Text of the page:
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5 October, 2004@12:00 am

    After releasing the most popular album of his career (a collaboration with MF Doom entitled Madvillainy), you would think that Madlib take advantage of his notoriety and high reputation by doing whatever he could to blow up. But as he consistently does with music, Madlib decided to forgo conventions. Since the Madvillain album popped off, Madlib has put out three full-length records under two different pseudonyms. The first release was an instrumental tribute to Stevie Wonder that, while well-intentioned, didn’t really do justice to Stevie’s music. The second was a tribute to the late jazz musician Weldon Irvine which was an extremely experimental record that was rather difficult to listen to. And Madlib’s latest release is a downtempo album called Theme For A Broken Soul, and it is being released under a brand new pseudonym DJ Rels (aka Madlib) .

     The music on this album is a sort that would never really be called hip-hop. An appropriate name for the style would be “intelligent house music,” and it can be lumped in with artists like Aphex Twin and Squarepusher. Theme For A Broken Soul comprises of hypnotic, fast grooves that would be appropriate music for a trendy downtown lounge. For that reason, it is difficult to find much to say about Theme For A Broken Soul, positive or negative. The music on this album is never particularly bad, but at the same time, it doesn’t really keep a listener’s attention very well. For the majority of the tracks, it seems as though the music on this album is meant to be in the background.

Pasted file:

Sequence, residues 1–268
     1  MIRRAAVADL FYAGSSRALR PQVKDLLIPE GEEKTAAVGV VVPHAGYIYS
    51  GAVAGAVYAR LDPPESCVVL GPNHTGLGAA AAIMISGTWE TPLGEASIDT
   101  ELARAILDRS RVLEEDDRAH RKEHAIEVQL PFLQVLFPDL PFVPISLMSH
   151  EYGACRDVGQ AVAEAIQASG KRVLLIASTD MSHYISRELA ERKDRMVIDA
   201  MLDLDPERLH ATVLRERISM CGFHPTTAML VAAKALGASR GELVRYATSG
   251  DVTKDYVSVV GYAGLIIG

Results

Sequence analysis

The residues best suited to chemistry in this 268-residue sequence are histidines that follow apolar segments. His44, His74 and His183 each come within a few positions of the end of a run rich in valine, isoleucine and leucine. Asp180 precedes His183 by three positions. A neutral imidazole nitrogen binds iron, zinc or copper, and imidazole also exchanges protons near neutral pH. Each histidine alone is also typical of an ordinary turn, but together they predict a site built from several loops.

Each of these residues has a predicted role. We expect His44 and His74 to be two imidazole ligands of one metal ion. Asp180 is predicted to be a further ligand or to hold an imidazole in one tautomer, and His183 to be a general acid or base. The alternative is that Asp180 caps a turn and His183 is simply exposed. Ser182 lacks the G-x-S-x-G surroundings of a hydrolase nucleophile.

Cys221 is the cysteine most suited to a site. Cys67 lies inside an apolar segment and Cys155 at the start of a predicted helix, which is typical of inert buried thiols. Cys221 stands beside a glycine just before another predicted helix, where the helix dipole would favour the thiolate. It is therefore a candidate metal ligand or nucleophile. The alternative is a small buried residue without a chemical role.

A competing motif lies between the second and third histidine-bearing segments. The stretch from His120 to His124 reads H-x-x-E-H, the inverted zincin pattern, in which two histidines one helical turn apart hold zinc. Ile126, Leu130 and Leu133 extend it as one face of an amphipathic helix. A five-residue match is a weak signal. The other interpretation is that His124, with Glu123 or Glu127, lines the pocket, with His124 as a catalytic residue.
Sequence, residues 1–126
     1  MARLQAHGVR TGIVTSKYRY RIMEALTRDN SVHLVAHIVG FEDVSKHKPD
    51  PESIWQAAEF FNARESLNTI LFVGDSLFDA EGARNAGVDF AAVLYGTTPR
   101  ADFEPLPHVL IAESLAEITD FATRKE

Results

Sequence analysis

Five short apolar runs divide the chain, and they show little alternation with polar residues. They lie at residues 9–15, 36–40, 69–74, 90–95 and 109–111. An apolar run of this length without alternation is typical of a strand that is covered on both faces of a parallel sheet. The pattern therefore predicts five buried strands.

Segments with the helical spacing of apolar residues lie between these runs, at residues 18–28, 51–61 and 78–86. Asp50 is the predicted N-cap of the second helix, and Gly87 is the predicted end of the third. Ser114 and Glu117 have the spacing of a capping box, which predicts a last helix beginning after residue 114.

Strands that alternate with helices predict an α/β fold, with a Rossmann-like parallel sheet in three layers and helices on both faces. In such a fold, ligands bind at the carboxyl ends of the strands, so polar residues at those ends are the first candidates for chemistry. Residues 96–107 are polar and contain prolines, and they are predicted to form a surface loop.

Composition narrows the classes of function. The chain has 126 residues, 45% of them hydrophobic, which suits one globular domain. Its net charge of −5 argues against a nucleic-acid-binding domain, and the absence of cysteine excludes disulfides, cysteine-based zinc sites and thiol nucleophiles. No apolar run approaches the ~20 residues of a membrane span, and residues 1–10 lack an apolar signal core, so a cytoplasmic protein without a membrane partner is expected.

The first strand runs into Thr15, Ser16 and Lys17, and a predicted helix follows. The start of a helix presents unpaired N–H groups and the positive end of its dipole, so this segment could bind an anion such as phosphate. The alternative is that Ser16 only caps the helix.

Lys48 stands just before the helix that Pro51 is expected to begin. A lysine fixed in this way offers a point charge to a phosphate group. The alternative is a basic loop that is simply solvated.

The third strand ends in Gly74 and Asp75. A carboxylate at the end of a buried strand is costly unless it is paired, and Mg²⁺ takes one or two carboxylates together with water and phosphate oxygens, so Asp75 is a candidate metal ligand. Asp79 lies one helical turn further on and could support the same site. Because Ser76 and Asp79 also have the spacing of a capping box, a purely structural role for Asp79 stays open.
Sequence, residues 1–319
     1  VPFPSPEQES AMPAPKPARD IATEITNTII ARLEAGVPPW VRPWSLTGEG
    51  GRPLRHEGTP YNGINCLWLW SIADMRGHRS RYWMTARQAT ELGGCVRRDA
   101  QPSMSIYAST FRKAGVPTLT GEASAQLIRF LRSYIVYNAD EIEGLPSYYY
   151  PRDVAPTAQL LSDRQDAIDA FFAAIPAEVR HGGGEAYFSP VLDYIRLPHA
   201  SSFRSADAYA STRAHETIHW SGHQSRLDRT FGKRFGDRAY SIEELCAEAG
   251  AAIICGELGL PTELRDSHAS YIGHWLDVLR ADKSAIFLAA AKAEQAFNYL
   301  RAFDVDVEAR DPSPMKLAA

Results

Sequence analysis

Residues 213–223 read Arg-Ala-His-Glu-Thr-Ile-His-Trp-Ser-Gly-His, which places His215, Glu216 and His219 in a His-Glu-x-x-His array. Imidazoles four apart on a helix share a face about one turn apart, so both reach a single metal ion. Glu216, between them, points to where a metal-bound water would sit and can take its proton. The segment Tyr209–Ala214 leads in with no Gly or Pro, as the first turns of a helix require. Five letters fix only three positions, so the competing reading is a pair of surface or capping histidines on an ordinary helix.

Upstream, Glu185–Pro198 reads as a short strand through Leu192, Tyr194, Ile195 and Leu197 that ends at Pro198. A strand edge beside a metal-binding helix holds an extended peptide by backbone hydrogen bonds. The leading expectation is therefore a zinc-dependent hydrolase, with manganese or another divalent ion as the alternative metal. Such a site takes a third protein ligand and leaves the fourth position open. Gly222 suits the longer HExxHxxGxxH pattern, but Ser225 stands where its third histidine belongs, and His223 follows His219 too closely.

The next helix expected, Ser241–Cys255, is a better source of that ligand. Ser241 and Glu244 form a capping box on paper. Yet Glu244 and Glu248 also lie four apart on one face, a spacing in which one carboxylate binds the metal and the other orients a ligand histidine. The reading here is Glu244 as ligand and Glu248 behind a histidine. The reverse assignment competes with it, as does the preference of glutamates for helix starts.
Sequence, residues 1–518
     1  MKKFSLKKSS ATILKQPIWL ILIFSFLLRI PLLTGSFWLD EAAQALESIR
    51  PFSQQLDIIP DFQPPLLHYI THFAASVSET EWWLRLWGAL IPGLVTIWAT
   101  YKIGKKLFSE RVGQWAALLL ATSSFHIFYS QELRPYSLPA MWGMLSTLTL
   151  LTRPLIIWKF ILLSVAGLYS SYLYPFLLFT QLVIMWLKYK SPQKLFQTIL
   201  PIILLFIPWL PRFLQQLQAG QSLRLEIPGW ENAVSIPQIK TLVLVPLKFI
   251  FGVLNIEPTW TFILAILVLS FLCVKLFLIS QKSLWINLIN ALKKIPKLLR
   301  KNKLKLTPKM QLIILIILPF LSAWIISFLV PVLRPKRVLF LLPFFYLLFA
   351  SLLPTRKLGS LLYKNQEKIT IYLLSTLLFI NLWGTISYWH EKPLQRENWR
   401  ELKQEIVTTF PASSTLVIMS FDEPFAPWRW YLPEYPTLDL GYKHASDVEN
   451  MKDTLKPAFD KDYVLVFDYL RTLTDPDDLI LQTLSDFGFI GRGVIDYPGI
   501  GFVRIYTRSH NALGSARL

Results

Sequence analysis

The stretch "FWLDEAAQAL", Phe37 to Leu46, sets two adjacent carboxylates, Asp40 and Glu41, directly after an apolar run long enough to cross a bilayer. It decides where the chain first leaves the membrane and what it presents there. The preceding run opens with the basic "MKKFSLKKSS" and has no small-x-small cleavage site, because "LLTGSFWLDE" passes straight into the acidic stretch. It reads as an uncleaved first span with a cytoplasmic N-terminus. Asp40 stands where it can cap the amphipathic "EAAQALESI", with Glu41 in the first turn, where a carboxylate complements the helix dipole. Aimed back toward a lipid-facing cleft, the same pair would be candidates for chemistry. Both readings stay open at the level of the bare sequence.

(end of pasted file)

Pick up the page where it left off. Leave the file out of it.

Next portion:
The record starts out with its two strongest tracks, “Don’t U Know” and the sublime “Sunrise.” The tracks are very well composed, with strong beats and catchy melodic samples. The drum tracks in particular are very interesting, with great grooves and unusual tonalities. But later in the album, you have tracks such as “Sao Paolo” and “Eclipse Pt. 1 & 2″ that simply don’t sound as good. In fact, a few songs on this record, including the aforementioned two, sound as though they were artificially sped up, and that just doesn’t make for good listening.

    It is kind of amazing that despite all his creativity and experimentation, Madlib has actually released three lackluster albums this year, (but in a sense that sort of balances out the classic Madvillain LP). Theme For A Broken Soul is an alright album, but the music-listening world should never be satisfied with buying albums that are just alright. This DJ Rels album, while never particularly offensive, is monotonous (most of its songs being in one narrow tempo range) and overall uninteresting. Madlib could have done a lot better than this album.

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